Regarding finality of the decision given by arbitrators in institutional arbitrators are concerned, steps shall be taken where the order passed can only be appealed to Registrar/ President(Head) of the institutions which would almost negate the parties to approach courts apart from the situation where the arbitration agreement provides for court’s intervention. Institutional arbitration can only be attractive hub for the foreign parties when judiciary is supportive of arbitration. The concept of indemnity cost rule can also be introduced which would serve as strong incentive for parties. The resources and infrastructure which assist the proceedings can also be boosted. In order to invite worldwide participation Institution should be given opportunities and ample resources to participate at International conferences on arbitration. It would encourage foreign parties to arbitrate in India as well as enrich bilateral relationship with other International Arbitral Institutions. The benefits of Institutional arbitration has been realized in today’s digital time and it has become the need of hour and for the correct implementation it is necessary that all the problems are resolved.


Conclusion


The setup of institutional arbitration should be developed in India as there are major advantages over ad- hoc arbitration like there are predetermined arbitration procedure, the rules have already been updated as per the latest development, there are efficient panel of professional and arbitrators for support, suited infrastructure that is well built. And the institutional arbitration would only grow when there is efficient governance, adequate support is given from government, support from the legislature in building arbitration jurisdiction and less interference by the judicial bodies in order to preserve the sanctity of institution and autonomy of parties.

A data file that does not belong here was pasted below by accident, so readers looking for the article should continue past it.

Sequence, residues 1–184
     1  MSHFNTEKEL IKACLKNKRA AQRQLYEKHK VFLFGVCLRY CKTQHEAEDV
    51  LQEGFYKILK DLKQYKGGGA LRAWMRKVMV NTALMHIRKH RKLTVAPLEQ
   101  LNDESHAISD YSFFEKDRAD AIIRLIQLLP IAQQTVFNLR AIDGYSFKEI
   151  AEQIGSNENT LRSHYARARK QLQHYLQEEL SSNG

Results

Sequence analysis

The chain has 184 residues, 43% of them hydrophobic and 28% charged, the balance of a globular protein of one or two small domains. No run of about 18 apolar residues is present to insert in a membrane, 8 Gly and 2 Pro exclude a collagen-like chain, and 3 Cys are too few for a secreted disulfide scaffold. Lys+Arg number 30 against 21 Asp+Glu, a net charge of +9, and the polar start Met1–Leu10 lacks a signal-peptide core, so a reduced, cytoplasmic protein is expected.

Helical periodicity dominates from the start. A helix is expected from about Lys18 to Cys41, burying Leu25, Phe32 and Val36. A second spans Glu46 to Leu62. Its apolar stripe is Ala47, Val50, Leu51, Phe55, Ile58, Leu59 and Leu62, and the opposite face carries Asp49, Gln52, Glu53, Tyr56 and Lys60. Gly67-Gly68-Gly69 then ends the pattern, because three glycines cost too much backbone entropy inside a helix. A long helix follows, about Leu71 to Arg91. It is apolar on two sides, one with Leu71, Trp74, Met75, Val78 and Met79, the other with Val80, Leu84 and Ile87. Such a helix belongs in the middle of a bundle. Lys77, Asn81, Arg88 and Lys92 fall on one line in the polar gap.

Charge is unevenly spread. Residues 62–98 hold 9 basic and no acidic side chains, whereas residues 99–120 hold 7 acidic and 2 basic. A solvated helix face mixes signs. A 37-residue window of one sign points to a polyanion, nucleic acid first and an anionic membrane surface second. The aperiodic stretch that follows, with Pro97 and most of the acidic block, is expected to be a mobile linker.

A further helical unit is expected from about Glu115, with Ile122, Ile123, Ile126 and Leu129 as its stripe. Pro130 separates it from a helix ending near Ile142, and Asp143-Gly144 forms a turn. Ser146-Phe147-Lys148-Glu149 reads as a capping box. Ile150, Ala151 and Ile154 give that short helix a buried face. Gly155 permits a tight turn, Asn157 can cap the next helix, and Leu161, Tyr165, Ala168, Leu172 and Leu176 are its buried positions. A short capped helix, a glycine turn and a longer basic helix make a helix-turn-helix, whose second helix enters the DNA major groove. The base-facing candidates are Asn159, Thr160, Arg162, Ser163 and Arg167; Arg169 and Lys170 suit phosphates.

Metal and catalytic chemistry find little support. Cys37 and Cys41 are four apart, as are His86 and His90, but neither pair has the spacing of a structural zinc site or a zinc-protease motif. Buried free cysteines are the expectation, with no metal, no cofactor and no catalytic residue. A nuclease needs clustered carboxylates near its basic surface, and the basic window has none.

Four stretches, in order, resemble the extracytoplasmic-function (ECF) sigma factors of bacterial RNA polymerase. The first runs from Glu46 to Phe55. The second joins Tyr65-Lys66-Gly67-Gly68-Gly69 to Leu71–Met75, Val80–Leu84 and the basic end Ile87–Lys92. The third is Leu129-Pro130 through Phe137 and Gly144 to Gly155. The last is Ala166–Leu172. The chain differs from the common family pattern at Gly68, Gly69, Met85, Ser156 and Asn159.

References-

[i] Vyapak Desai & Bhavana Sunder, Institutional Arbitration & The future, LEGAL MEDIA GROUP) https://www.nishithdesai.com/fileadmin/user_upload/pdfs/NDA%20In%20The%20Media/News%20Articles/200918_A_Institutional_arbitration_and_The_Future.PDF. [ii] CIArb Costs of International Arbitration Survey 2011, CIARB, https://www.international-arbitration-attorney.com/wp-content/uploads/2017/01/CIArb-Cost-of-International-Arbitration-Survey. [iii] Corporate Attitudes & Practices towards Arbitration in India, 2013, PRICEWATERHOUSECOOPERS, https://www.pwc.in/assets/pdfs/publications/2013/corporate-attributes-and-practicestowards-arbitration-in-india.pdf. [iv] 3 SIAC Annual Report 2014, SIAC (2014) https://www.siac.org.sg/images/stories/articles/annual_report/SIAC_Annual_Report_2014.pdf . [v] SIAC Annual Report, 2019, SIAC (2019) https://www.siac.org.sg/images/stories/articles/annual_report/SIAC%20AR_FA-Final-Online%20(30%20June%202020).pdf [vi] 6 Report of the High Level Committee to Review the Institutionalization of Arbitration Mechanism in India, (July 2017) http://legalaff airs.gov.in/sites/default/fi les/Report-HLC [vii] The Arbitration and Conciliation (Amendment) Bill, 2019, PRS LEGISLATIVE RESEARCH https://prsindia.org/billtrack/the-arbitration-and-conciliation-amendment-bill-2019#:~:text=The%20Arbitration%20and%20Conciliation%20(Amendment)%20Bill%2C%202019%20was%20introduced,%2C%20on%20July%2015%2C%202019.&text=The%20Act%20contains%20provisions%20to,law%20for%20conducting%20conciliation%20proceedings. [viii] Supra note 1, at 1. [ix] Adv. Shijo George, What India needs to do to make Institutional Arbitration Success in India? ,INDIAN NATIONAL BAR ASSOSIATION https://www.indianbarassociation.org/what-india-needs-to-do-to-make-institutional-arbitration-success-in-india/. [x] Mridul Godha, Kartikey M. The New-Found Emphasis on Institutional Arbitration in India, KLUWER ARBITRATION BLOG (Jan 7, 2018) http://arbitrationblog.kluwerarbitration.com/2018/01/07/uncitral-technical-notes-online-dispute-resolution-paper-tiger-game-changer/. [xi] PRS Legislative Research, (Feb. 9, 2018) http://www.prsindia.org/billtrack/the-new-delhi-international-arbitration-centre-bill-2018-5036/